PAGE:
Wyoming Honor Farm
About the Wyoming Honor Farm
The Wyoming Honor Farm (WHF) houses 283 adult male offenders and is classified as a minimum custody facility. Established in 1931, the Honor Farm is located one mile north of Riverton, Wyoming. The Honor Farm’s Wild Horse Program, begun in 1988, plays an integral part in inmate rehabilitation by providing an opportunity for inmates to learn how to respect animals and people through day-to-day challenges. Respect is a life skill that many inmates need help developing while incarcerated, and those in the Wild Horse Program work together as a team to develop respect for the opinions and goals of others. Inmates working with horses learn that through respect and patience, even a wild animal will respond in a positive manner.
History of Wyoming Honor Farm: It all started in 1931
The Wyoming Honor Farm (WHF) began operation in 1931, acquired by the 21st Legislature, and was originally known as the “State Penitentiary Farm”. The first year’s budget was $50,000. It was part of the Wyoming State Penitentiary in Rawlins, and was run by Farm Manager Andrew Brenston, acting as onsite supervisor, with 1 other supervisor and 2 correctional officers. WHF was run at that staffing level for 40 years. From the 1958 Annual Report, “It was proposed that the overall farm program be continued and improved for … hope that a greater number of those released would profit by participating in this work to the extent that they may be successful in finding and maintaining their place in society and become useful citizens once again.”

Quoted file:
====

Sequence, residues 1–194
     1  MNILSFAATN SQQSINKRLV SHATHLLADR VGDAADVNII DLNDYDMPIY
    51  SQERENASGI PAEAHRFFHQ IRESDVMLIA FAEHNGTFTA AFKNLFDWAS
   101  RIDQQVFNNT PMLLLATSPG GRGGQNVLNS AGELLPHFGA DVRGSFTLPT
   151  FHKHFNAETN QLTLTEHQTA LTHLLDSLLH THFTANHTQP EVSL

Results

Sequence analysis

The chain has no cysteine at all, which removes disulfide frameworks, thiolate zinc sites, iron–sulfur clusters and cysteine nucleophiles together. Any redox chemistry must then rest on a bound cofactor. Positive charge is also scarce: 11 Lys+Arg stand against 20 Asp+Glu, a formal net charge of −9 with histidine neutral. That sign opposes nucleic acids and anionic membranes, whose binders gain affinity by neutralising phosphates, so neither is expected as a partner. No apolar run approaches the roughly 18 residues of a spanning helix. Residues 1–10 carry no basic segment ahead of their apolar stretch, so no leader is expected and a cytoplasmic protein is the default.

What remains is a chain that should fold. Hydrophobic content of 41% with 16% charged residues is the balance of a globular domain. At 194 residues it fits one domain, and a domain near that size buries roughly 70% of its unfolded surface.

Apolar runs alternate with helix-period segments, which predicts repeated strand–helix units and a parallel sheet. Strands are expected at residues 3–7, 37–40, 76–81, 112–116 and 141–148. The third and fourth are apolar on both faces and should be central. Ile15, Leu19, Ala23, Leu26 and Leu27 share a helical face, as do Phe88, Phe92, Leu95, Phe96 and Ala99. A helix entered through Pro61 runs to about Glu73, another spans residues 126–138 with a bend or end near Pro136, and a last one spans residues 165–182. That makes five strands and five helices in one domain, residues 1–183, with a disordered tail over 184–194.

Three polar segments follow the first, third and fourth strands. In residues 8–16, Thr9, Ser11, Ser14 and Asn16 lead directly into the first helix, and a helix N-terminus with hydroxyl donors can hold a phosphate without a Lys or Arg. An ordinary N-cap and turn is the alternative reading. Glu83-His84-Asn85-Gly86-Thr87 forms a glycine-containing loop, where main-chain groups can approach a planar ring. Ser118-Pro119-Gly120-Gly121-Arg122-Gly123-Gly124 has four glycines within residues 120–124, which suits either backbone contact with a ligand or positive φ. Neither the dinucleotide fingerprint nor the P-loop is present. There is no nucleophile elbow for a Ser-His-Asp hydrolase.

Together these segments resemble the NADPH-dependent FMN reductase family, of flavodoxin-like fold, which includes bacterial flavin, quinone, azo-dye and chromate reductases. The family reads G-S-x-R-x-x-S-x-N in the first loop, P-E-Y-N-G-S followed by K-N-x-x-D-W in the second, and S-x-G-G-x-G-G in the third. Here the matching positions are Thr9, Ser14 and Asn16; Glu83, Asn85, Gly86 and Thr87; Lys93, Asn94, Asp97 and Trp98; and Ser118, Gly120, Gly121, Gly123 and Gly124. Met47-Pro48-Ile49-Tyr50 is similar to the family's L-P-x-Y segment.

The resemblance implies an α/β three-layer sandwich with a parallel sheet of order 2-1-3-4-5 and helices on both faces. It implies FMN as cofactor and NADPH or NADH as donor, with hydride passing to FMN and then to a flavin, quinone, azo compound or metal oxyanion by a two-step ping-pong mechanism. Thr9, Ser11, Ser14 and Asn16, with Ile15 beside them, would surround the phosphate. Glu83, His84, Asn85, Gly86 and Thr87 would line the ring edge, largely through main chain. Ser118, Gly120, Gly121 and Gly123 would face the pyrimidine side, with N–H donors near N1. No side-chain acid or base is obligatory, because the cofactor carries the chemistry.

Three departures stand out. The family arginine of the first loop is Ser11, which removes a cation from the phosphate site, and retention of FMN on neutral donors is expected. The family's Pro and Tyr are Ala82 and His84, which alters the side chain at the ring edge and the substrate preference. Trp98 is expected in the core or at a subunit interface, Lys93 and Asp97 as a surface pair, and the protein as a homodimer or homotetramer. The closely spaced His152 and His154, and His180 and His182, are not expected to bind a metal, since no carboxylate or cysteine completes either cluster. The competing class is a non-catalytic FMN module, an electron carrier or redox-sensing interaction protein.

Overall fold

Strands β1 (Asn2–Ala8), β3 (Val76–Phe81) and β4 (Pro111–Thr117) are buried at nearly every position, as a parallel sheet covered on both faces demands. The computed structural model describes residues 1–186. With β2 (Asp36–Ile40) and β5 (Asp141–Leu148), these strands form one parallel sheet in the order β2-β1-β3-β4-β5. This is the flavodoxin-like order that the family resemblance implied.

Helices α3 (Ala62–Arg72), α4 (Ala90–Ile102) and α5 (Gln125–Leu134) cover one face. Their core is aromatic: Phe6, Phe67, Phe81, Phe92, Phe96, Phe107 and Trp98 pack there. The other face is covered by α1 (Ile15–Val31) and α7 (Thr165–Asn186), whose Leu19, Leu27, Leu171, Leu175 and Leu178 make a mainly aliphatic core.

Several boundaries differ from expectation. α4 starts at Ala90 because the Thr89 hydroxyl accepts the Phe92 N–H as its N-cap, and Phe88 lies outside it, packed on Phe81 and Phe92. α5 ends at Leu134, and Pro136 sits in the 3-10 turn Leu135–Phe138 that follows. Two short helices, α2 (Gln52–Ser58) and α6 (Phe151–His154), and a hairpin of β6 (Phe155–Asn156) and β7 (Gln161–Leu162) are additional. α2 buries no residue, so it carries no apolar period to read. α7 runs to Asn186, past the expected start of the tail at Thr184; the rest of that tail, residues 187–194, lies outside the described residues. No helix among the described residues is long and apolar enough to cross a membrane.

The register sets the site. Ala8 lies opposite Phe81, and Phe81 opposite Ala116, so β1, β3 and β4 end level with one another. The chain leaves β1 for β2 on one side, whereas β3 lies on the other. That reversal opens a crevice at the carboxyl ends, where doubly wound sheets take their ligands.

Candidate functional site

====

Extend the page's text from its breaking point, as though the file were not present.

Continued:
The Wyoming Honor Farm started with 880 acres a mile north of Riverton, Wyoming. 11 acres were sold later to the State Highway Department, leaving 869 acres. In 2016, farm operations were decreased to 640 acres. Activities at WHF in the early years included beef, swine, and poultry operations, crops, dairy operations, and a butcher shop. 2300 acres of State and leased land behind the Wyoming Life Resource Center in Lander were added in the late 1970s for grazing for the beef program. Current annual farm operations include an average of 700 cattle, spring calving, 170 wild horses, and over 500 acres of alfalfa, corn, oats and other crops.
In 1985, “A” Dorm was built, housing 40 inmates, at a cost of $425,000. Three other dorms were built in the following years, along with new food service facilities, vocational education shop and a multipurpose administration building. In 1988, WHF partnered with the Bureau of Land Management (BLM) to begin training wild horses. 3500 wild horses have been adopted from WHF since 1988, and over 950 inmates have worked in the program, with an average of 175 horses on-site/per day. The co-operative agreement between WHF and the BLM is one of the longest running Prison partnerships in the United States.
In the 85 years since its inception, the Wyoming Honor Farm facility has expanded to fill an important position in the Fremont County community, and overall WDOC vision, providing offenders opportunities to become law-abiding citizens, and successfully return to society as our neighbors. Through upgrades and physical expansions, WHF has grown into a prison containing four dorms, having a facility capacity that has grown from 30 inmates in the earliest years, to 279 inmates in 2014. WHF facilities now include a warehouse, as well as programming, vocational, recreational, and educational space, to allow us to meet the goal of reducing recidivism through cognitive and behavioral intervention.